'(...). when I was telling them it was like this (...). They said. oh no, just shhh, we'll give you anti depressants so you can just go, go be quiet somewhere and it's just like, they weren't listening' (P34 Chinese-White female college student).

This was echoed by most non-White participants as in:

'I don't think I was treated seriously, they didn't take on board what I was saying and my symptoms'(P29 White-Black Caribbean female, educated to secondary school level).

Such difficulties have a particularly marked impact on equity, as GPs are frequently required to act as gatekeepers to other health services, or to social resources, leading to treatment delays. As one person commented:

'She was often very reluctant to provide a formal letter and I always dreaded having to go and see her when I needed another letter because I felt I was always having to justify my illness and justify myself and I felt that she thought I was making an excuse.' (P2 White British female, educated to university level).

Such recognition was also central to gaining most forms of assistance from health or social care needed to enable them to participate in both public and private social life, including work, education, leisure and family life. While clearly an issue for the majority of participants challenging such lack of recognition could be especially difficult for people from ethnic minority groups in which such illnesses were less commonly identified as self-recognition and belief of the symptoms and experiences was also problematic.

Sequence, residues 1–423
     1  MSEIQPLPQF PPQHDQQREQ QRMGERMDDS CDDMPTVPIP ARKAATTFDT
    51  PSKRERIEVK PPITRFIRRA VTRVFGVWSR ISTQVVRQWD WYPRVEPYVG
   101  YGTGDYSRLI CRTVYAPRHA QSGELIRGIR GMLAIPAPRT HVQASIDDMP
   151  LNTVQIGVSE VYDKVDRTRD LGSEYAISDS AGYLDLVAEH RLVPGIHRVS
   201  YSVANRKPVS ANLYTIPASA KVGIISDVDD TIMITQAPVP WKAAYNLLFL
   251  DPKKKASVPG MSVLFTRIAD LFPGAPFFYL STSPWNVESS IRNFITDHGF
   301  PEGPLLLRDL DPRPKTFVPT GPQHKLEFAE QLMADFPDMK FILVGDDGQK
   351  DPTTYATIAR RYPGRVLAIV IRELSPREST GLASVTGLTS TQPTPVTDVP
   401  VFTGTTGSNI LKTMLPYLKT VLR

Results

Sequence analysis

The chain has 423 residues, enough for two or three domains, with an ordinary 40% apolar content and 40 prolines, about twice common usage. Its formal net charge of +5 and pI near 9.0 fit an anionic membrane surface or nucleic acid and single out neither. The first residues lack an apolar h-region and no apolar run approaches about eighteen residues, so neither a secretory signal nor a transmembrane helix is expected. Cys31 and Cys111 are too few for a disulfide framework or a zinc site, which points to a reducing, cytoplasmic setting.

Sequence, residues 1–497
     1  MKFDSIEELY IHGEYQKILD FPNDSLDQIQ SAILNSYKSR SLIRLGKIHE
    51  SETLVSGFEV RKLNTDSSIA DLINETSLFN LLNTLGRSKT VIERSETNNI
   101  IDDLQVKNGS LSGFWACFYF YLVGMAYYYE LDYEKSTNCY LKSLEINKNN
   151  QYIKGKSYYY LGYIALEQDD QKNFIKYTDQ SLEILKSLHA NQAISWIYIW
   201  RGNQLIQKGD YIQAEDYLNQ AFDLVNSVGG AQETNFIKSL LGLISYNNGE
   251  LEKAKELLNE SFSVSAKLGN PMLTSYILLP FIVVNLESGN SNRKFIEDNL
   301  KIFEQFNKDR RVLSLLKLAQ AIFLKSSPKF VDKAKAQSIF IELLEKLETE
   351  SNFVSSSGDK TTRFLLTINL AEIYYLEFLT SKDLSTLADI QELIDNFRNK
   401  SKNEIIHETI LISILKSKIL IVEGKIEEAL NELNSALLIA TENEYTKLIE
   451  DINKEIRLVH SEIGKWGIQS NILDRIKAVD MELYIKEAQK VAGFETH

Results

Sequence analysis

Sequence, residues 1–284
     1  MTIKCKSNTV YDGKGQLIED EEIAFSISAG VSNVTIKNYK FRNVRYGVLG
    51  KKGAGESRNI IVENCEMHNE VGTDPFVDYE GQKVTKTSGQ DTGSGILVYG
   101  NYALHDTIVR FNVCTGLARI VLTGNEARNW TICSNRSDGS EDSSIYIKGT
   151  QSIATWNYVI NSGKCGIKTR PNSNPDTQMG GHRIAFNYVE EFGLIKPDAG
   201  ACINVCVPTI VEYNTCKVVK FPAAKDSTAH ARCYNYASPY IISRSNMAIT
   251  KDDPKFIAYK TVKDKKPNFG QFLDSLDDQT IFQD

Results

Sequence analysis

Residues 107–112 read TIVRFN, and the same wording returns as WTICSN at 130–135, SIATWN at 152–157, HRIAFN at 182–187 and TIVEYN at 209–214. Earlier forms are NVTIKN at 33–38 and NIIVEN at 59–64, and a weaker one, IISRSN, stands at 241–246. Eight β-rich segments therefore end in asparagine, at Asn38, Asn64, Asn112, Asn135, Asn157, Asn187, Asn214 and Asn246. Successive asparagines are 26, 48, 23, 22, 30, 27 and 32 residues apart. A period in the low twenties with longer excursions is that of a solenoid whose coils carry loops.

'I never heard of any black person, or any other ethnic minority who's got this illness (...) I just thought maybe, you know, this is a white middle class illness' (P27 African woman, educated to university level).

This was reflected in participants across all ethnic groups wanting health care practitioners to have the time to help the patient feel 'empowered' (P24), and 'believed' (P1, P34), to increase their sense of inclusion and acknowledgement.

Achieving a diagnosis was seen as the crucial milestone for most participants (P1, P3, P4, P5, P7, P9, P11, P14, P32, P34). Where this led to advice from doctors and other health care professionals with particular knowledge of CFS/ME, this was almost invariably a positive experience. For example, one participant commented on his unusual luck in gaining a prompt GP diagnosis, leading to coordinated care and support from his manager, which allowed him to work part-time within his capabilities and to gain sick leave and retirement as the illness progressed (P32). Most participants, however, found doctors saying they could not help, resulting in their feeling abandoned to fight the problem by themselves:

'I don't think I have seen anybody for about two years now, and I haven't had my medication reviewed properly during that time or any specific help from a doctor since. I've been pretty desperate really, because (...) I want to move forward. (...) a lot of people don't believe me while the GP doesn't seem to believe that these symptoms exist.' (P1 White British female, educated to university level).